The third season finale of The Hills is scheduled to premiere on December 10, according to "People." MTV is planning a two-day long event for its popular TV series. On the big night, MTV and the cast will present Hills Finale: Live in Hollywood, which will broadcast live from L.A. hot spot Area. The actual finale will premiere at 10 p.m. ET, followed by a live after-show. Lauren Conrad, Whitney Port, and Audrina Patridge will answer questions then "make an announcement that will leave fans wanting more." The audience at the live show will include up to 40 winners of “The Hills Biggest Fan Contest,” which is accepting video submissions through Dec. 3 from fans explaining why they love the series.

The season finale celebration will begin December 9, when MTV airs a special called The Hills: Lauren Looks Back, beginning at 12 p.m. ET. This will be a “video scrapbook” of Lauren Conrad’s life from her time at Laguna Beach High to her life today. It will feature LC talking about past friendships and boyfriends.

Looks like Heidi won't be making an appearance on the after-show anytime soon.

This is one event not to be missed by The Hills fans!

Thursday, November 29, 2007

Dramatic Finale for Dancing with the Stars

The premiere of Dancing with the Stars, which aired this week, left Helio Castroneves with the fifth-season title. This may have been the least interesting thing that happened that night though. We learned since that Helio Castroneves fiancee, Aliette Vazquez, has called off the couple's engagement, after six years as a couple. Elsewhere, Mark Ballas was actually rushed to the hospital after he injured his arm during the Cha Cha performance with partner/girlfriend Sabrina Bryan. At one point during the dance, you could see that he whispers something to Sabrina. We don't know if Maksim Chmerkovskiy was serious or not when he told Extra last night that he may be through with the show.
"If this is the limit of where I can get in a show, then let it be,” Maks said. “I’m satisfied and moving on."

Wednesday, November 28, 2007

WGA surveys reality show writers

According to a survey of 303 reality TV story writers and producers “writing jobs in reality television are characterized by long hours, almost no benefits, inconsistent meal breaks and inaccurate record-keeping,” according to the WGAw, which commissioned the survey.

Goodwin Simon Victoria Research’s study [PDF] found that “91% of reality TV writers receive no overtime pay,” but “88% of reality TV writers work more than 40 hours a week." On average reality TV writers on broadcast networks work 60 hours per week, while reality TV writers on cable networks work about 55 hours per week. Of those surveyed, "86 percent don’t get health insurance from their respective networks or production companies, and 18 percent don’t have insurance.” Overall, “the average pay range for reality writers was $2,000 to $2,500 per week. Based on an average weekly rate of $2,000, writers are losing $1,200 per week in overtime pay."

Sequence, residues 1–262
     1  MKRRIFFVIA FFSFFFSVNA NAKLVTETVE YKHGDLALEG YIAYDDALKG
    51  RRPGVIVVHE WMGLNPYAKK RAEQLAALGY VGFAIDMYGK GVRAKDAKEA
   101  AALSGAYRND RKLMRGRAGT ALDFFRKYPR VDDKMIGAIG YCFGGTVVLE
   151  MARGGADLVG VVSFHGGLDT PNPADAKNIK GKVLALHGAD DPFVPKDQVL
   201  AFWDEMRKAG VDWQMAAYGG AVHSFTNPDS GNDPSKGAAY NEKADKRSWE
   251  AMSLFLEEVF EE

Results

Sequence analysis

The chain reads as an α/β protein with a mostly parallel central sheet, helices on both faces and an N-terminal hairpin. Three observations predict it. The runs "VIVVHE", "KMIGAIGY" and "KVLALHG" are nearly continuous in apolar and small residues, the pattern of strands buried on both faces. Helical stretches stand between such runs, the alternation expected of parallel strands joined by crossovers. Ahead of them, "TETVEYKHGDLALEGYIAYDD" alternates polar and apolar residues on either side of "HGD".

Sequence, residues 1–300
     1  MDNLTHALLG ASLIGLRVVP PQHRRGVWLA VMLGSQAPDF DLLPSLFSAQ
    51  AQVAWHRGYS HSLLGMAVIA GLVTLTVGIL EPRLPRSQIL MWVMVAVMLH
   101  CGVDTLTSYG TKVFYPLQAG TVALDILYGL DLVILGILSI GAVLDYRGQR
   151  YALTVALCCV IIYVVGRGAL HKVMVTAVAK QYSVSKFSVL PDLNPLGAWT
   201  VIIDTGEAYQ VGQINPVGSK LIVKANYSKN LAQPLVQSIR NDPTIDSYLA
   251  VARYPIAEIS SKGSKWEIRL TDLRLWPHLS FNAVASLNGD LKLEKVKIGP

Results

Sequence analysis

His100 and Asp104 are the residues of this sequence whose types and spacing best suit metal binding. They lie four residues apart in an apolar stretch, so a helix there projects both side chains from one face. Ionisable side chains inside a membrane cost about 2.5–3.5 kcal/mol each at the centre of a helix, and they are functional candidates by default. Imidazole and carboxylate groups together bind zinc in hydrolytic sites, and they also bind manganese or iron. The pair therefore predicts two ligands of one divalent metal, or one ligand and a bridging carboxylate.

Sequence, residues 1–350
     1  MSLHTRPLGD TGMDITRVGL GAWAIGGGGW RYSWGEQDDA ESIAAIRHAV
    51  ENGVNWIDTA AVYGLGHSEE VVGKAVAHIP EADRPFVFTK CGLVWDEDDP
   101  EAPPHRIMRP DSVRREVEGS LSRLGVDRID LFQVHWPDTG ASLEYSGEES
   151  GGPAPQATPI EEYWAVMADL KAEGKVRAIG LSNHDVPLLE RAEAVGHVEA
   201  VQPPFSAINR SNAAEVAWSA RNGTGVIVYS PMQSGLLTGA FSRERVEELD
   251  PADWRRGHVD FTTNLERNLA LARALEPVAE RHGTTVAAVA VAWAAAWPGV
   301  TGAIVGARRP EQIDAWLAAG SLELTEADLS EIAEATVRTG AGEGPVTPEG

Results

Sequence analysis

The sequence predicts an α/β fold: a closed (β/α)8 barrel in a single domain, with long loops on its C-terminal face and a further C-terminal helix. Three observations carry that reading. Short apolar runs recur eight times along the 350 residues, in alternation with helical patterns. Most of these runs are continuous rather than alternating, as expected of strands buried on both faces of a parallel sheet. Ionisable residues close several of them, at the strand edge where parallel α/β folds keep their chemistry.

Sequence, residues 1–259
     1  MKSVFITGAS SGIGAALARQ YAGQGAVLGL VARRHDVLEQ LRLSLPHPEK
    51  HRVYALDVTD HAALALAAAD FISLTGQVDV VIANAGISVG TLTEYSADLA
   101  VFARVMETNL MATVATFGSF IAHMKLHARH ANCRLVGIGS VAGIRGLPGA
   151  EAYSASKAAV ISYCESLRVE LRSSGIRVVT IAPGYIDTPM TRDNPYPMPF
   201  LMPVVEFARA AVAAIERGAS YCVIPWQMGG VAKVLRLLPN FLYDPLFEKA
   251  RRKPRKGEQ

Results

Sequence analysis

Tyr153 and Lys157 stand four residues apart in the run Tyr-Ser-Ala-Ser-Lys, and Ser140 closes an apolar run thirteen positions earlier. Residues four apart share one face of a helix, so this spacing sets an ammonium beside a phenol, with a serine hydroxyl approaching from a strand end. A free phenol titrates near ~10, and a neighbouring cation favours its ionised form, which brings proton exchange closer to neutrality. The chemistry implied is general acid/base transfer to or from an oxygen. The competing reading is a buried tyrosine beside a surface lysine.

Basic facts:
  • Only 3% of reality writers are given the job title of "writer." Others include story producer, story editor, segment producer, and others.
  • Reality TV writers "spend an average of 18 weeks working on a particular production." On average, they work 32 weeks in reality TV anually.
  • 70% of reality TV writers work on productions for cable networks, while the other 30% work for broadcast networks (CBS, ABC, NBC, etc.)
  • "Almost 70% of reality writers are under the age of 40."

Also, “reality production companies may be committing multiple violations of wage and hour law based on the pervasive employment practices” such as a lack of overtime and meal breaks,” the WGA said. The organization has been working to unionize reality show story writers.

Monday, November 26, 2007

Dancing with the Stars 5 Finale

According to "The Washington Post," Dancing with the Stars has turned ballroom dancing into "can't-miss TV." The show has become one of the most popular reality shows in the country. Dancing with the Stars 5 ends its run within the next two nights. Tonight, the three remaining couples—Melanie Brown and Maksim Chmerkovskiy, Helio Castroneves and Julianne Hough, and Marie Osmond and Jonathan Roberts—dance at 8 p.m. ET for an hour. Tuesday, the show concludes with a two-hour finale at 9.

The show may be so popular, not just because of the dancing, but because of all the drama too. The non-dancing related stuff from Marie Osmond fainting to the death of two contestants' mothers also brings viewers back week after week. Clearly it's a combination of all of the above, the dancing and the drama.